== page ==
Philadelphia is the new face for the War on Drugs as footage from the beleaguered Kensington neighborhood has found its way into a Mexican anti-drug ad.
The ads were presented Tuesday by Jesús Ramírez, the spokesman for President Andrés Manuel López Obrador, according to the AP, though questions as to where the government obtained the footage or why they used them went unanswered. In a tweet posted Tuesday, Ramirez claimed that the videos were part of Campaign Against Addictions, which sought to inform young people of the damage that can be rendered by drug use.
La Campaña vs las Adicciones del @GobiernoMX busca informar a los jóvenes de los daños que provoca a la salud el consumo de drogas químicas. La información y la participación de la familia y de la escuela son importantes factores de protección vs las adicciones. ¡Infórmate! pic.twitter.com/A8MkptVqHG
— Jesús Ramírez Cuevas (@JesusRCuevas) November 8, 2022
Though the ad spots never identify the city or neighborhood shown as Philadelphia, the videos have sparked concern over Philadelphia’s overall image and has raised eyebrows given that Mexico is the source of most of the fentanyl being sold in the United States, per AP News
“The opioid and overdose crisis in Philadelphia is part of a national and even international epidemic, and we agree it is important for everyone to understand, as this video notes, that all street drugs now present an elevated risk of overdose because of fentanyl’s extreme prevalence,” a spokesperson for Philadelphia Mayor Jim Kenney stated according to the AP News.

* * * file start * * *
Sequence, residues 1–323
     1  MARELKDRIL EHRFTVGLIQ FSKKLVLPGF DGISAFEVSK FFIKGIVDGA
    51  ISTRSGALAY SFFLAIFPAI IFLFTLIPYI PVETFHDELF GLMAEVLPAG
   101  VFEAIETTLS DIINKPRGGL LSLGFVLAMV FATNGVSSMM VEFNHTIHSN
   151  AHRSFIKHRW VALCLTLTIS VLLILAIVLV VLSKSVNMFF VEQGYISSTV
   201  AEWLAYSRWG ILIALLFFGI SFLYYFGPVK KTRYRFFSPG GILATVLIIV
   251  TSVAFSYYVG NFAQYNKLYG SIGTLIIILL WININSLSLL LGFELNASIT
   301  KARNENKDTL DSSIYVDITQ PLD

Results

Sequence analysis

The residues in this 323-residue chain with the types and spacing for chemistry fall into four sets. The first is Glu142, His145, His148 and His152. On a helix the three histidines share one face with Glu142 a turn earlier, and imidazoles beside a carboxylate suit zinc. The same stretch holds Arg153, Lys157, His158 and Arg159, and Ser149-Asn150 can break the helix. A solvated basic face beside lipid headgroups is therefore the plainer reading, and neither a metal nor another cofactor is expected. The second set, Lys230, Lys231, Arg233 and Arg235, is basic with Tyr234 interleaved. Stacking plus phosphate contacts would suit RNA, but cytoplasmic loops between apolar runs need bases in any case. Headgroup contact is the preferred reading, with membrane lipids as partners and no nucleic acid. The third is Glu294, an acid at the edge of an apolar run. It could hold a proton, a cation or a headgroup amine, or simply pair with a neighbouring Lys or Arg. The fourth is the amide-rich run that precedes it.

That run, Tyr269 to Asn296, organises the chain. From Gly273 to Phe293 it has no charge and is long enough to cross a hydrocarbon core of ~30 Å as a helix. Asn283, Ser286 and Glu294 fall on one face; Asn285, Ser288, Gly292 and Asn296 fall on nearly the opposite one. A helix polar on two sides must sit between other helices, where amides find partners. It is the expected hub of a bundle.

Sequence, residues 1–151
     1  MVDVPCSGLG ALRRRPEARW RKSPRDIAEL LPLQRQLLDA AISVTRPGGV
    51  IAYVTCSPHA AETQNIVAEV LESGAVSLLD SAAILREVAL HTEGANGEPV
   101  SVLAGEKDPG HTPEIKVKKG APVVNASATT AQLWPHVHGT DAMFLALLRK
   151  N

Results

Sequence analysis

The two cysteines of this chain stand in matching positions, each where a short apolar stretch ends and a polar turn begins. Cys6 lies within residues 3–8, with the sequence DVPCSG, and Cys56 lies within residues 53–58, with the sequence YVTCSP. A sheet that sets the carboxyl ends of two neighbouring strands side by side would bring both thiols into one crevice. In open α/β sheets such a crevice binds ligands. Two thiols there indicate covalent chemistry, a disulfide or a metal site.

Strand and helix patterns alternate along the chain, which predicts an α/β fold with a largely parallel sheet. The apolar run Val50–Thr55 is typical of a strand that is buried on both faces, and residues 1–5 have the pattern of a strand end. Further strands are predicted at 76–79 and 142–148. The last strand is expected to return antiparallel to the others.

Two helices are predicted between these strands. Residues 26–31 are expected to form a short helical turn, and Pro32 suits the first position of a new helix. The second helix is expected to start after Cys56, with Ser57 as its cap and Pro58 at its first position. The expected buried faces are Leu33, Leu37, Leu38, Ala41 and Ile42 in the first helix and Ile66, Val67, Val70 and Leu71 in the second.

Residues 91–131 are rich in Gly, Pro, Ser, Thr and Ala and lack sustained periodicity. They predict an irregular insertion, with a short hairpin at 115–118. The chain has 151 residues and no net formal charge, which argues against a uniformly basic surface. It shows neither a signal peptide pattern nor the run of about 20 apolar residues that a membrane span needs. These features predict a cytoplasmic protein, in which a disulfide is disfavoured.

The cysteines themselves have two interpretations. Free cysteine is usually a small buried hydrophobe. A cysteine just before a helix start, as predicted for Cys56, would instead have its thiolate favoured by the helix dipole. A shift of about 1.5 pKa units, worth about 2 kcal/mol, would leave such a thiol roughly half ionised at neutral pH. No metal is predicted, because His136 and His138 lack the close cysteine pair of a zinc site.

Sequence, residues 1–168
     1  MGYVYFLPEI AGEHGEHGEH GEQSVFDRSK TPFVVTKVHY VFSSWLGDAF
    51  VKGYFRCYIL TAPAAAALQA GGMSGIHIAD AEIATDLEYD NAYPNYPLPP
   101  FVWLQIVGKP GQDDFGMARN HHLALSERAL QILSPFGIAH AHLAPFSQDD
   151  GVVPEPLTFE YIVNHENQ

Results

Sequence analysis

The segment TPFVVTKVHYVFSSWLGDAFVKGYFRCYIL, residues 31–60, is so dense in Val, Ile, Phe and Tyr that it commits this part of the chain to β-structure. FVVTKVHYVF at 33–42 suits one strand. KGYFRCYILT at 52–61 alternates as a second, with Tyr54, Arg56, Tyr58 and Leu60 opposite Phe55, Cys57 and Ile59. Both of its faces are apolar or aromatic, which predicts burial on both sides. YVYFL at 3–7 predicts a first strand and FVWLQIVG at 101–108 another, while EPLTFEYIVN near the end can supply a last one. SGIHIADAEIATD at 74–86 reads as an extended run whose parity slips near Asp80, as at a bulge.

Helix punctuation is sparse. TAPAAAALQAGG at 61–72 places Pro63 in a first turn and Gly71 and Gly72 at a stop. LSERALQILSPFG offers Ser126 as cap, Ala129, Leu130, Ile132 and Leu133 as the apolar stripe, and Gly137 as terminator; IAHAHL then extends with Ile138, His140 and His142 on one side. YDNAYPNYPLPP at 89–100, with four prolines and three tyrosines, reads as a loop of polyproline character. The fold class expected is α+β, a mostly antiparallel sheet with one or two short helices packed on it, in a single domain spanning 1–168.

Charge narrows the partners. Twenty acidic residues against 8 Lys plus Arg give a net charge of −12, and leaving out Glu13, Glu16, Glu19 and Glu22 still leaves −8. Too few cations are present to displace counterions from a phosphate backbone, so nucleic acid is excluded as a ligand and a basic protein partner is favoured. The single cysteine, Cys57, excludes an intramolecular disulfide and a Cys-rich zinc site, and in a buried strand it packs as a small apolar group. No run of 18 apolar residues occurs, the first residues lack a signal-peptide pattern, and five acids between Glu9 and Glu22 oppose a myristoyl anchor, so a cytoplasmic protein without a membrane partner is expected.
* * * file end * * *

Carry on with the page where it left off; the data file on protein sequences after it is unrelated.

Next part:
“Having said that, it is always hard to see our city’s people and neighborhoods portrayed in a limited and negative light. No neighborhood, and no person, should be defined by this tragic and widespread crisis,” they said.
Mexico security analyst Alejandro Hope criticized the ads as “terrible” calling them the result of “bad public policy” adding that there is “no public health message there” as the ads do not include hotlines, advice or treatment options, reported AP News. Instead, Hope argued, these ads are repeating “the most aggressive U.S. drug-scare tactics of the 1980s.”
Kelly Garant, a peer care coordinator in Philadelphia for a nonprofit organization that helps people struggling with addiction, called the ad exploitative and unacceptable. “They are actually in a state of crisis, and to be exploited when they’re that vulnerable, it’s just not acceptable. You don’t know whose mother or father or brother that is,” she said per the AP News.